Well before the fear of “secular stagnation” became common across the developed world in the aftermath of the global financial crisis, Japan was unhappily showing the way. For almost two decades before the crisis, Japan recorded weak economic expansion and frequent deflation as it struggled to escape the aftermath of the 1980s property bubble.
In reality, given its low to negative population growth, Japan’s economic performance was more impressive than it seemed. Still, the country experienced the dangers of deflation, and the need to use all tools of policy to boost growth, earlier than most.
The uncertainty with which Japan learned that lesson, however, was reflected in its response to the global financial crisis, which threatened to lock the economy into permanent stagnation. The US unleashed quantitative easing as soon as 2008 and enacted fiscal stimulus in 2009. It was not until 2012, with the election of Shinzo Abe as prime minister, that Japan embarked upon a determined campaign of fiscal and monetary expansion, together with a stated aim of structural changes to increase long-term growth.
In particular, the Bank of Japan, which had already been experimenting on and off with near-zero interest rates and direct asset purchases for more than a decade, in 2013 announced a 2 per cent inflation target. It then expanded a QE programme and subsequently cut interest rates below zero to reach it.
Scepticism abounded that such stimulus would work in an oligopolistic economy struggling to raise productivity and with a relatively old population. Yet Japan is currently proving those suspicions misplaced. On Monday it was revealed that its economy expanded by an annualised 4 per cent in the second quarter, and more importantly was on course for its longest growth streak this century.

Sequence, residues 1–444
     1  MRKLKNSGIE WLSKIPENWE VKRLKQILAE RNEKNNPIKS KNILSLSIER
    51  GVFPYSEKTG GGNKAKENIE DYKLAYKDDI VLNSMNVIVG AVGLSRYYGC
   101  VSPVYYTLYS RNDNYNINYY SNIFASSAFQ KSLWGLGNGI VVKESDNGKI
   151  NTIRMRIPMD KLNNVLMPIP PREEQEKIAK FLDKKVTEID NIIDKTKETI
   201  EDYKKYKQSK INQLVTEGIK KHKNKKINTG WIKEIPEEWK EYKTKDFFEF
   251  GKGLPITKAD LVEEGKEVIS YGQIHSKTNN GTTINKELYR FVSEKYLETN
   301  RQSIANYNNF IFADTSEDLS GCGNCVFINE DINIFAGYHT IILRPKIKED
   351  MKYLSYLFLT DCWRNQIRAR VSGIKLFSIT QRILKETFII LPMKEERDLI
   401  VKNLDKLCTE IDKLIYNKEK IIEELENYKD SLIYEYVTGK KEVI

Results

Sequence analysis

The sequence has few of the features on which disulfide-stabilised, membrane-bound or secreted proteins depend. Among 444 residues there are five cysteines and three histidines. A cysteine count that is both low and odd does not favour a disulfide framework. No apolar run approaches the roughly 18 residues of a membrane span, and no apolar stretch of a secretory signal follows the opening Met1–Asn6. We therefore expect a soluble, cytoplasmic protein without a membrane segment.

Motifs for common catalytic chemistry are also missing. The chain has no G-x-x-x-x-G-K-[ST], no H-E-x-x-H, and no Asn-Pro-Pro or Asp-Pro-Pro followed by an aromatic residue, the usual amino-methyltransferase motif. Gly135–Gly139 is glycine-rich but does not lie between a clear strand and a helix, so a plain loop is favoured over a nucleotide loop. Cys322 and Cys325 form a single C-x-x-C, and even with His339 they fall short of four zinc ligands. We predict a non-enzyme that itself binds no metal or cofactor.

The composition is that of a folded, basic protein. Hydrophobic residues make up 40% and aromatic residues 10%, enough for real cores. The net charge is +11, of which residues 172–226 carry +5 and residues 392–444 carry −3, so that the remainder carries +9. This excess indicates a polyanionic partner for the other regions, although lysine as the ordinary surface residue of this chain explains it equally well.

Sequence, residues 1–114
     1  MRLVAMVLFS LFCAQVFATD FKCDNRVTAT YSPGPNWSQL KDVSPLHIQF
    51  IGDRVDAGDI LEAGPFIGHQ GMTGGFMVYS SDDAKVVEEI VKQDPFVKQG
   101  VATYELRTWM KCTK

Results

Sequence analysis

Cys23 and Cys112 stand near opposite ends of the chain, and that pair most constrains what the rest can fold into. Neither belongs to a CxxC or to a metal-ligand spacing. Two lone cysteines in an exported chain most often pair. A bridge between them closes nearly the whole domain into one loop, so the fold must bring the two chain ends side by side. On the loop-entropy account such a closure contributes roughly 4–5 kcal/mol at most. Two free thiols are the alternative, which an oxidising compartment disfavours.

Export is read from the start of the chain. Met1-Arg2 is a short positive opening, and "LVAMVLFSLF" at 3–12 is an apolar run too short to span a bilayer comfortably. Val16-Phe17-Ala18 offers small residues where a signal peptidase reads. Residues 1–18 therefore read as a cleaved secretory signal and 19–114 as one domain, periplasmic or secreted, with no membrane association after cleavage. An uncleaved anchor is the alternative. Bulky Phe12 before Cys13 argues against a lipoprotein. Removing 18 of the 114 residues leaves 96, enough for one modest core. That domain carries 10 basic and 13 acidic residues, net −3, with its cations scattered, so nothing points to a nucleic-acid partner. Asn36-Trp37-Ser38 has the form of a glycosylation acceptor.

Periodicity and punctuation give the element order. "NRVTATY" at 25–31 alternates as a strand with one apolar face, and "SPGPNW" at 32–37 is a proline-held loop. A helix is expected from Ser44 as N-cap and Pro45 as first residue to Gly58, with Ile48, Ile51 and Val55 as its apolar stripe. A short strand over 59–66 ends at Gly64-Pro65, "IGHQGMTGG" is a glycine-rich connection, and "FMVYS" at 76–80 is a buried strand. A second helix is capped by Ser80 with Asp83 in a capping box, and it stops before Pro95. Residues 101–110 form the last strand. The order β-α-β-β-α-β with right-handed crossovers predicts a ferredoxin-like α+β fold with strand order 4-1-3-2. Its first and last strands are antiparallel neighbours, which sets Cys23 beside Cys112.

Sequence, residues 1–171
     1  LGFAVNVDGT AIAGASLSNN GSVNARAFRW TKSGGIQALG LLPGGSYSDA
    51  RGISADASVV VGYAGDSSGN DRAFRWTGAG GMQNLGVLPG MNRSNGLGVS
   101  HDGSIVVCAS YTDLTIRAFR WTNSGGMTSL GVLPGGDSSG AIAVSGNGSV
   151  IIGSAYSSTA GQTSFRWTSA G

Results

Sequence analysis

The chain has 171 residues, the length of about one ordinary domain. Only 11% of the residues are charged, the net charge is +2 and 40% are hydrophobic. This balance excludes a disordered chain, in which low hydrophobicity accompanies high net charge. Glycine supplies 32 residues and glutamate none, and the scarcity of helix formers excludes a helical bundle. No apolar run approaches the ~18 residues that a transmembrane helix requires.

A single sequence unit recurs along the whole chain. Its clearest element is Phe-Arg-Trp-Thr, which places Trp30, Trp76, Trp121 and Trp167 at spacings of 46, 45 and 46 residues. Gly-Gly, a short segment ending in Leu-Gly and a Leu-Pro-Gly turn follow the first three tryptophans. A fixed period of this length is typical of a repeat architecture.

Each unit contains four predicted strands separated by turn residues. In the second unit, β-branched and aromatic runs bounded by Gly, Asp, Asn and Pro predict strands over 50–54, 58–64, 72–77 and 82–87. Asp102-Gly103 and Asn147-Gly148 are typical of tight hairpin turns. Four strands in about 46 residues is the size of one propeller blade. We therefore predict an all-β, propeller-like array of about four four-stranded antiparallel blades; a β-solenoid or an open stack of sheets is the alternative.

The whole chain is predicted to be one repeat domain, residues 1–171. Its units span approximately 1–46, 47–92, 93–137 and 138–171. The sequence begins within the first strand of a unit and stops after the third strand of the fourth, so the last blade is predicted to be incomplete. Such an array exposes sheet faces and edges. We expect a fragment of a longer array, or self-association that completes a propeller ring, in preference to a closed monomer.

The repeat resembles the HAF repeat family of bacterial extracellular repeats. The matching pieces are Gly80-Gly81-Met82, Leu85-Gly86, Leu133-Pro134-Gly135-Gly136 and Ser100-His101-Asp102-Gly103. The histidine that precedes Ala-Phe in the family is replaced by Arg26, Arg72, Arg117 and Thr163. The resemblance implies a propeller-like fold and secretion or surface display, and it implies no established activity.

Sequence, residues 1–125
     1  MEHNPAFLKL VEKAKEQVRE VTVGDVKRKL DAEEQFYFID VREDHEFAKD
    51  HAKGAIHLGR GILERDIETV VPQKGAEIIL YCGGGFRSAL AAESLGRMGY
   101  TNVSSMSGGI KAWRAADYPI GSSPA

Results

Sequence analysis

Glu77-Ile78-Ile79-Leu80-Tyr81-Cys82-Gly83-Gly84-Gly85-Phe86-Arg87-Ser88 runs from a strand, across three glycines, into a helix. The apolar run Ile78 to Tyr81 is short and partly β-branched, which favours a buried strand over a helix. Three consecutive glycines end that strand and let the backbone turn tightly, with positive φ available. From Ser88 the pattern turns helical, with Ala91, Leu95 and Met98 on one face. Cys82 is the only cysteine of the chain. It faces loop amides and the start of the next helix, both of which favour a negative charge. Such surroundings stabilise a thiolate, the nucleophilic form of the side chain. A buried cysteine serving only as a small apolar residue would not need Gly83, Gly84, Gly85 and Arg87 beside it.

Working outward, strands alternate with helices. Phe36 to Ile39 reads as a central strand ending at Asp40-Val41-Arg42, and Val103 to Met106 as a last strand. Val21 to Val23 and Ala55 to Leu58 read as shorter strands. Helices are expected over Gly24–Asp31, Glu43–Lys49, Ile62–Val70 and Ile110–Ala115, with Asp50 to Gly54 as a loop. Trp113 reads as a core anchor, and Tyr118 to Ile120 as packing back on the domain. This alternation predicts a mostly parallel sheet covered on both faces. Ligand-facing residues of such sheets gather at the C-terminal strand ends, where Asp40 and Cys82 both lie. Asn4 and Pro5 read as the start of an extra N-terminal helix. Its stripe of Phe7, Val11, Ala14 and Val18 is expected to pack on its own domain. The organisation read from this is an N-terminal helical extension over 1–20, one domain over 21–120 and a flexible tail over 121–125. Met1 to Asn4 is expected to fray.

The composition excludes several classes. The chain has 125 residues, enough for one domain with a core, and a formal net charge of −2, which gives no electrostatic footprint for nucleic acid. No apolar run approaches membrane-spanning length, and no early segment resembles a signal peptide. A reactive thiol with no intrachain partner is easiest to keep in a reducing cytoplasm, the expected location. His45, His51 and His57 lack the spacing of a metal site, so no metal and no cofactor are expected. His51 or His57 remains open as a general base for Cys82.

The composition of that growth was as reassuring as its rate. While Japan has traditionally been accused of relying on net exports for expansion, the quarterly change was driven by domestic demand and particularly consumption. The BoJ’s QE programme and negative interest rates did weaken the yen considerably after 2013, raising hackles among the likes of Donald Trump. But it is clear that Japanese monetary policy has worked powerfully in ways other than through the exchange rate.
Where Japan goes from here depends on whether policymakers keep their nerve. Mr Abe’s popularity has dropped sharply this year. To be fair, this mainly reflects his inept handling of a corruption scandal rather than resentment against his economic policies. Moreover, the lack of a credible challenger means Mr Abe’s position seems secure for the moment. Nonetheless, it constrains his room for manoeuvre in pushing through economic liberalisation and stimulus.
In that case, it falls to the BoJ to keep up the pressure on the economy. Fortunately, it has good reason to do so. The central bank has been forced repeatedly to push back the timing for hitting its 2 per cent inflation target. The fact that the Federal Reserve is withdrawing stimulus — perhaps, before long, to be followed by the European Central Bank — is not a reason for the BoJ to fall into line. If a widening differential in monetary policy stances further weakens the yen, so be it.
Whatever Mr Trump may think, Japan is not engaged in a campaign of deliberately undervaluing its currency. It is following an appropriate campaign of stimulus that has brought one of the world’s more troubled advanced economies out of a serious funk and back to growth. It should continue to do so.
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